Bushwick

Landmarks Preservation Commission approves Bushwick Masonic lodge’s residential makeover

January 19, 2016 By Lore Croghan Brooklyn Daily Eagle
This design shows an addition planned for the top and rear of Ridgewood Lodge 710 in Bushwick. Rendering by ND Architecture & Design via the Landmarks Preservation Commission

A Bushwick Masons’ lodge that was one of Brooklyn’s coolest indie concert venues — for a while — is a step closer to getting a residential makeover.

On Tuesday, the city Landmarks Preservation Commission (LPC) unanimously approved the owner’s plan to build an addition on the top and rear of the Masonic Temple at 1054 Bushwick Ave. and turn the iconic property into an apartment house.

The apartments will be rentals rather than condos, one of the owners told the Brooklyn Eagle after the vote.

The former Ridgewood Lodge 710, Free and Accepted Masons — that was its full name — belongs to an LLC with Yoel Wertzberger as managing member. The LLC purchased the property, which is on the corner of Gates Avenue, for $2 million in September 2014, city Finance Department records indicate.

Patricia Donskoy of ND Architecture & Design told commissioners at a public hearing at the LPC’s Lower Manhattan headquarters that “supplemental apartments” that would be constructed in the proposed addition to the building would generate revenue necessary to the redevelopment project’s financial success.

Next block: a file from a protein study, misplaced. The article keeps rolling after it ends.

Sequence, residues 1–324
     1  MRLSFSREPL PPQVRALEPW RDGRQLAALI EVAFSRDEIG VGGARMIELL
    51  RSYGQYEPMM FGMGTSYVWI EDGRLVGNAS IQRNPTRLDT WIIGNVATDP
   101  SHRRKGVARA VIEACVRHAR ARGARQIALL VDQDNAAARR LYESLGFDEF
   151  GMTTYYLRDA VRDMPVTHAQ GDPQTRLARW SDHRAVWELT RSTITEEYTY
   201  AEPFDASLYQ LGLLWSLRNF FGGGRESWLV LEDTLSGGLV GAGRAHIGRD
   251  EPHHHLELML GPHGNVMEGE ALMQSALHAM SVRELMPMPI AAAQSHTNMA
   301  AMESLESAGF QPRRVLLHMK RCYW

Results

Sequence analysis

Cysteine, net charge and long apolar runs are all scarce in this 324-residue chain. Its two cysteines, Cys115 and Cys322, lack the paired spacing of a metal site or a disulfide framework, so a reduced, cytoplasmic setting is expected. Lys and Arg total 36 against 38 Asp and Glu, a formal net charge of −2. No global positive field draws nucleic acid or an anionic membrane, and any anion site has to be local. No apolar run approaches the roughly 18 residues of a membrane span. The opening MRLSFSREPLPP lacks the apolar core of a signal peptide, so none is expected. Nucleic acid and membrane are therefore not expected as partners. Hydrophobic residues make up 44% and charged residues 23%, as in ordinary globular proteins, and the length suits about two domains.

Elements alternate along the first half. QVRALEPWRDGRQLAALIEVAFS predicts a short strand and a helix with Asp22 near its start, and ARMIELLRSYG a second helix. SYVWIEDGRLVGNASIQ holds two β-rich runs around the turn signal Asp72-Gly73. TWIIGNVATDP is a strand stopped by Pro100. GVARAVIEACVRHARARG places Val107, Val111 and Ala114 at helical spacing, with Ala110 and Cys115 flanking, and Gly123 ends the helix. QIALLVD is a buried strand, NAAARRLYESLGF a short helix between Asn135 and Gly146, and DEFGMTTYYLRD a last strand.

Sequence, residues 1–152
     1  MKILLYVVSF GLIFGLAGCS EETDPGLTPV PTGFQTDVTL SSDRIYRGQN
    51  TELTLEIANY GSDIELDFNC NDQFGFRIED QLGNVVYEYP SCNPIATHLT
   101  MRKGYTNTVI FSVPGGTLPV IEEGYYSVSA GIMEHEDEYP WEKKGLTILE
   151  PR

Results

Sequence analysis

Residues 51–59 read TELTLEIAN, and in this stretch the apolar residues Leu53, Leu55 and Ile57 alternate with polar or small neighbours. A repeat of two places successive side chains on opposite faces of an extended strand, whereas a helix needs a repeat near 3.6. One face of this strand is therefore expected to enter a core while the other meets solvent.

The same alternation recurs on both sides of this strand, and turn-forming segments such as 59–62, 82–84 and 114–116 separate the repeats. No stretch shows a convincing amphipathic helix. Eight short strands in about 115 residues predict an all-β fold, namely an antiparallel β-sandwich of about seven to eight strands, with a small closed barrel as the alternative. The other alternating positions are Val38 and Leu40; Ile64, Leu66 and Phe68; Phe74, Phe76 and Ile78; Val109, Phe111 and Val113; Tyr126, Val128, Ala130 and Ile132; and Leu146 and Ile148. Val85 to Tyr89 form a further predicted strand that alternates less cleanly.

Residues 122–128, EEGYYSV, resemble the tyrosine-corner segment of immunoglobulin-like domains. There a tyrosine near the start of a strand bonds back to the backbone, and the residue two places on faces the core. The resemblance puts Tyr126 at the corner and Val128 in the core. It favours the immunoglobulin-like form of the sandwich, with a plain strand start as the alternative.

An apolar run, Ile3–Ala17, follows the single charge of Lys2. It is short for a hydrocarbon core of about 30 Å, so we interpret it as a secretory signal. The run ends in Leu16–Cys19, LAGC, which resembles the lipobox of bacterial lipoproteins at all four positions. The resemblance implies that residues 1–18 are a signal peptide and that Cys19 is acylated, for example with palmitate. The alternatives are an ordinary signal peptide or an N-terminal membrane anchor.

As the Brooklyn Eagle previously reported, a total of 28 apartments are planned for the building.

Ninety to 100 percent of the building’s windows are damaged or not fully closed, and the building is in need of  “immediate attention,” she said.

The front door is too damaged to be repaired, so a replica will be made.

The project’s lead architect, Nataliya Donskoy, also spoke at the hearing.

“It’s a very good project,” LPC Chair Meenakshi Srinivasan said before the commissioners’ vote. “It’s great they’re planning to do this adaptive reuse.”

She and the other commissioners objected to the size and shape of new windows that the architecture firm proposed for the Gates Avenue façade of the building. The architects were told to work with LPC staffers to come up with a new window-construction plan that leaves more of the façade intact.

The Masonic lodge, which is Bushwick Avenue’s only Beaux-Arts building, was designated as an individual landmark in 2014. Constructed in 1919 to 1920 of buff-colored brick and rusticated stone, it has dramatic two-story windows and a front door flanked by Ionic columns. 

The “classically inspired” building, designed by architecture firm Koch & Wagner, is a prime example of “early 20th-Century neighborhood club architecture,” according to the LPC’s designation report about it.

The Mason’s Ridgewood Lodge disbanded in the first decade of the 21st Century — and cleared out of the building and joined the Astoria Lodge in Queens. After that, 1054 Bushwick Ave. was a popular venue for indie concerts and parties for several years.